Hate Crime Bill would affect freedom of speech in transgender debate – comment

In Parliament last week, the Justice Secretary sought to assure MSPs that the Hate Crime Bill would not be used to criminalise the belief that biological sex is immutable.

Justice Secretary Humza Yousaf has defended the Hate Crime Bill against claims it will affect freedom of speech (Picture: Fraser Bremner/Scottish Daily Mail/pool/PA)
Justice Secretary Humza Yousaf has defended the Hate Crime Bill against claims it will affect freedom of speech (Picture: Fraser Bremner/Scottish Daily Mail/pool/PA)

Mr Yousaf also reiterated that the Bill will not capture offensive opinion, a view supported by Professor James Chalmers: “The kind of thing that has been prosecuted under the stirring up hatred on the ground of sexuality in England has been the handing out leaflets calling for gay men to be hanged, not people shouting at each other about the definition of adult human female on Twitter.”

Similarly, the Scottish Trans Alliance recently stated: "There is an obvious difference between civil debate and engaging in or encouraging others to behaviour that is threatening or abusive.”

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We are not confident that the distinction between ‘offensive’ and ‘hate’ will be obvious, or that real-world effects will be limited to what has been prosecuted in England, under tighter rules.

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For those who do not follow the debate on sex and gender identity, it is difficult to overstate the depth of disagreement about what constitutes ‘hatred’.

Some maintain it is hateful or transphobic to advocate for female-only spaces and services, or collect data on biological sex.

Across the UK, women have already faced real-world consequences for asserting that biological sex matters. They have lost their jobs, faced disciplinary action, been interviewed by the police, and had details recorded on police databases.

Scottish poet Jenny Lindsay has written eloquently about her experiences of being targeted for expressing ‘wrong’ opinions. Within higher education, there have been calls to remove academics from teaching, security required for lecturing, and lost opportunities to publish.

Against this backdrop, we have significant concerns about the Bill’s provision for ‘stirring up hatred’ based on transgender identity, which currently has no freedom of expression protections attached.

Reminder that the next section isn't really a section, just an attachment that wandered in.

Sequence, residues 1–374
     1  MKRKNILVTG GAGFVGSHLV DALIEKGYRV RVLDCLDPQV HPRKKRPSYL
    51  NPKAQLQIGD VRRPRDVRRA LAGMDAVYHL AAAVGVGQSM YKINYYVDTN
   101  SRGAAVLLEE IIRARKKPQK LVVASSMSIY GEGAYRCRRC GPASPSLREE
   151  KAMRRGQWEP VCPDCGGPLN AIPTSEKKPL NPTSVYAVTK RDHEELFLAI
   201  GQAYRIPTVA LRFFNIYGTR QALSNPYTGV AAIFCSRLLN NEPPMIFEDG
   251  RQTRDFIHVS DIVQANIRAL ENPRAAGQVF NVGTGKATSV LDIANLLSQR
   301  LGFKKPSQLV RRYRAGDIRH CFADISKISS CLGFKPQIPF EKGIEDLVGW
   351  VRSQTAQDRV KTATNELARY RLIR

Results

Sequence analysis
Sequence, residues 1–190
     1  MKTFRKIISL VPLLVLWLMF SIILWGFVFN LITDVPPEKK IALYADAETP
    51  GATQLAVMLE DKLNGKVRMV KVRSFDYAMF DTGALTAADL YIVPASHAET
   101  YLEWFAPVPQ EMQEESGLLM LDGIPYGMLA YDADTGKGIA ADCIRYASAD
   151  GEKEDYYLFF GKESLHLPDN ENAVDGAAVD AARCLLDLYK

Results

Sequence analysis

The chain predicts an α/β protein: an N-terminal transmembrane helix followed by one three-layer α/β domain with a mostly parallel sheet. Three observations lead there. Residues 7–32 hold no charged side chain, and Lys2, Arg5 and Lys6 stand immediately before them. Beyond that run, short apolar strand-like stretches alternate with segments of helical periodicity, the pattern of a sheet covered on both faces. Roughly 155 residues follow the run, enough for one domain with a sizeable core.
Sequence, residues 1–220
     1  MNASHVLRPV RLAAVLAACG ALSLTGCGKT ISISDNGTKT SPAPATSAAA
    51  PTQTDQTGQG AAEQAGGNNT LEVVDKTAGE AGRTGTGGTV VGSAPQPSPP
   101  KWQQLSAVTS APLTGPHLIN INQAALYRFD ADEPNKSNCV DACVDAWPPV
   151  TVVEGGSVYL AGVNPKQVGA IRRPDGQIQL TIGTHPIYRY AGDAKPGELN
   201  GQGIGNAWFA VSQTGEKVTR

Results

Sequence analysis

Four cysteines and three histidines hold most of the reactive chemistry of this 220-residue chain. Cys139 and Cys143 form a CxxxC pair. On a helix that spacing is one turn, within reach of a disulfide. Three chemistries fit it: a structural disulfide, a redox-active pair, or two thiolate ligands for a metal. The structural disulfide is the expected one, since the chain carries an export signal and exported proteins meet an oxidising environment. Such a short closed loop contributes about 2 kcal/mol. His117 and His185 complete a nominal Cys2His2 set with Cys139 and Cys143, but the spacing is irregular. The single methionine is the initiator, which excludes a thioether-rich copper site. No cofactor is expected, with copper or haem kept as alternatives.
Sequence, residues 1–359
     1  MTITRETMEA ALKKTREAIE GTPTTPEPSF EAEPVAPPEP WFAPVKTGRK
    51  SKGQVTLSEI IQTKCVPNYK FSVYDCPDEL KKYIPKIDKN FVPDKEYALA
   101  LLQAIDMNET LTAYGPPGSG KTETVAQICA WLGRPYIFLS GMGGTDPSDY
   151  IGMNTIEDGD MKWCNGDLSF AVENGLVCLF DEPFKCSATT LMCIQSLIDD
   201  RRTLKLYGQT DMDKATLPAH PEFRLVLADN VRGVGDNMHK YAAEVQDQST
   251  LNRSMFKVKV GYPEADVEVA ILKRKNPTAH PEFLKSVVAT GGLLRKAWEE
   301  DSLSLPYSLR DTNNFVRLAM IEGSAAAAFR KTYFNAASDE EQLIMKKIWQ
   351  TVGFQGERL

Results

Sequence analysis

Behaviour or communication need only be held to be ‘abusive’: how that will be interpreted remains to be established. Meanwhile, the Bill provides no protection for the characteristic of sex.

Consequently, we anticipate that the Bill will reinforce the self-censorship and institutional caution already evident in this area. We expect reporting to the police to increase, and that institutions, police, and prosecutors will come under pressure to block, investigate, or prosecute statements advocating for sex-based rights.

As an example of how low the threshold already is, in January 2019 it was reported that stickers had been seen on the University of Edinburgh campus, with slogans such as “Female is a biological reality”. The university principal stated those responsible would be traced and disciplined, and that Police Scotland had been contacted.

People defending these proposals need to do better than suggest those expressing fears do not care about the victims of crimes motivated by hate. They need to explain how a law they expect to be so little used is expected to make so much difference in practice.

We concur that few incidents are likely to reach a courtroom, but think that complacently misses the point. The effects on freedom of expression will be experienced at one remove or further, from the prosecution process. Assurances from the Cabinet Secretary ring hollow. It is not in his gift to determine how this law is used.

Dr Kath Murray, Lucy Hunter Blackburn, Lisa Mackenzie work as the MurrayBlackburnMackenzie Policy Analysis Collective

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